So then, if anyone is in Christ, that person is part of the new creation. The old things have gone away, and look, new things have arrived!
— 2 Cor 5:17, CEB
Maybe it’s just me. But it seems like 2017 has been a strangely catastrophic year. I’m not talking about my own personal challenges, though there have been some of those. I’m talking about story after story of destruction and devastation in the national and international news. Racial violence and terrorism. Hurricanes, floods, earthquakes. War and the threat of war. Inexplicable mass shootings.
Part of me can’t wait for 2017 to be over. But another part of me doesn’t really expect 2018 to be much different. January 1st, after all, is just another day on the calendar. It’s not a magic reset button. The world is still broken.
The apostle Paul seems to think that we’re already living in a new era. The cross and resurrection marked a watershed in world history. His words might sound a little odd to those whose ears are more attuned to modern ways of thinking: Yeah, yeah, big deal. So one more person decided to become a Christian. Congratulations. But what difference does that make? The world is still a mess. And don’t get me started on how Christians themselves are so often part of the problem…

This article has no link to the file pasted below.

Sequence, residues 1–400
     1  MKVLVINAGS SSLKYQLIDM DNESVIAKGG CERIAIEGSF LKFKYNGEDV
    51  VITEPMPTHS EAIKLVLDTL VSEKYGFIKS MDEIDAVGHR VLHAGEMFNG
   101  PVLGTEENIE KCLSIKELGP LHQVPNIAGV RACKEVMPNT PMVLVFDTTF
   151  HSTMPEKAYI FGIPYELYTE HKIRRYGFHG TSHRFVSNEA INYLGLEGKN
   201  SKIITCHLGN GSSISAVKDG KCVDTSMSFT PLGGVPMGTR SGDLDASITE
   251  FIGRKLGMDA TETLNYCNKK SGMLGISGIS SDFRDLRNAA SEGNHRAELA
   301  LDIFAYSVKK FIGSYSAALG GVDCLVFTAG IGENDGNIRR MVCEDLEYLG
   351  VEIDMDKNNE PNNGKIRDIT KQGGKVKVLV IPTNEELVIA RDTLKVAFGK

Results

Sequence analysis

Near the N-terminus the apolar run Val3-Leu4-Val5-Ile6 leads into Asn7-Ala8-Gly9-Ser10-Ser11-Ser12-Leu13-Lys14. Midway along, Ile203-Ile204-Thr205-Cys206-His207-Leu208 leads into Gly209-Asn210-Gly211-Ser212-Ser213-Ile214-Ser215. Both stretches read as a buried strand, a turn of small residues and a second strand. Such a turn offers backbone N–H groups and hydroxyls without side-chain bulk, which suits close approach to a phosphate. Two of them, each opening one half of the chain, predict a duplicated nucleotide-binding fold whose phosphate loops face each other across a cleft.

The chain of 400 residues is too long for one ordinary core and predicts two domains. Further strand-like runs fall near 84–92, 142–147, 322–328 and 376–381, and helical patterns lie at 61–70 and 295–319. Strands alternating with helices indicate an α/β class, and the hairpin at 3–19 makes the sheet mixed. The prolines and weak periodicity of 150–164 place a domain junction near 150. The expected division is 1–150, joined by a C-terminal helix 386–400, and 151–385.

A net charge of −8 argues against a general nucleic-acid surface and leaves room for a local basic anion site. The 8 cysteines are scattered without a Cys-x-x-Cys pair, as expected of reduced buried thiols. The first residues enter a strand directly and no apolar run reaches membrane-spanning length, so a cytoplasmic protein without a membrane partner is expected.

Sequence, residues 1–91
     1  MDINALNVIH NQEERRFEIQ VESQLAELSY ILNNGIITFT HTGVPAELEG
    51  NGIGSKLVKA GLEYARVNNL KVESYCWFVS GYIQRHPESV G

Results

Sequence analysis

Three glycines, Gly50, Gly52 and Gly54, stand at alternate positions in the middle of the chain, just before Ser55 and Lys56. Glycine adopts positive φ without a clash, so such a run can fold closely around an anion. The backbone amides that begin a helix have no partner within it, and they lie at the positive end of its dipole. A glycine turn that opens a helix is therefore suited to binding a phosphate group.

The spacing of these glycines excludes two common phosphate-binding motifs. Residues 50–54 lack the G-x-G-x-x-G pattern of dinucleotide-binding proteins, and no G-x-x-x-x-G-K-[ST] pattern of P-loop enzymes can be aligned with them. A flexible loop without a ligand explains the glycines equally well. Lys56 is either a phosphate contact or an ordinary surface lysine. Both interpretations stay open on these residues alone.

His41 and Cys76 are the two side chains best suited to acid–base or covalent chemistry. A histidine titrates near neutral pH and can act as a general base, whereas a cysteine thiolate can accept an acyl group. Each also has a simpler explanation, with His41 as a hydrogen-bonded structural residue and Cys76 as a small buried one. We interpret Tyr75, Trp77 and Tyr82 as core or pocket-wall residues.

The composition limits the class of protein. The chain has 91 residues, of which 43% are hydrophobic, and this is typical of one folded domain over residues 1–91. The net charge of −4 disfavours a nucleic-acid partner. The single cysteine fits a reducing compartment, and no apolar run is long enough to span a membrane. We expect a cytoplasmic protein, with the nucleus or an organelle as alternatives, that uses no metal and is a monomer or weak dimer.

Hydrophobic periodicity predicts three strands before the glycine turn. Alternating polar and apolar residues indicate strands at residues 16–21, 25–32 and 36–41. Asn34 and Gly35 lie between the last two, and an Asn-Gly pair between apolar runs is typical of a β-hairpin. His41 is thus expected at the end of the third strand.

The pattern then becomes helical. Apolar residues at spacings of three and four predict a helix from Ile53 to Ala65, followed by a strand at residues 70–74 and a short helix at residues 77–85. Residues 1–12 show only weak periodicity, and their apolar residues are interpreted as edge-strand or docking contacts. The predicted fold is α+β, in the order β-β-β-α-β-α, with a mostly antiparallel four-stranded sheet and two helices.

Granted: it’s sad to say, but we who profess to follow Jesus often live more out of our brokenness than out of the newness Paul describes. But Paul’s point is not that Christians live in complete newness the moment they pray a Jesus prayer. His point is that the very possibility of anyone being in Christ in the first place is itself something new; it marks the dawn of a new day in the relationship between God and humankind.
We as human beings are predisposed to notice what’s negative and dwell on it; that’s part of how we avoid trouble and survive. The one driver that cuts us off on the freeway is the one we remember, not the thousands of others who drove courteously and safely. We may have had many delicious meals at our favorite restaurant, but the one we remember forever — and the one that keeps us from going back — is the one that gave us food poisoning. And for our relationships to be resilient, we need many more positive interactions to make up for the effect of one negative one.
Paul is as clear-eyed as anyone about the cluelessness of Christians and the problems of the church. He is writing, after all, to the church in Corinth, a congregation that gave him no end of grief. And yet, he confidently declares that the old has passed away and newness has arrived. Why? Because in Christ, empowered by the Holy Spirit, people act and think in new ways — even if in the very next moment they go back to their same old stale, defensive, and hurtful habits.
What we see is a matter of what we look for. We already expect the same old same-old, and it’s practically guaranteed that we will see it. But what if we took Paul at his word, and looked for signs of newness instead?
We just might discover that everyday miracles abound, even in our own lives and hearts.
That would be worth so much more than a Happy New Year, for joy in God’s new creation points us beyond 2017 or 2018. It points all the way into eternity.
So Happy New Year — and beyond. Celebrate what God has done, is doing, and will yet do.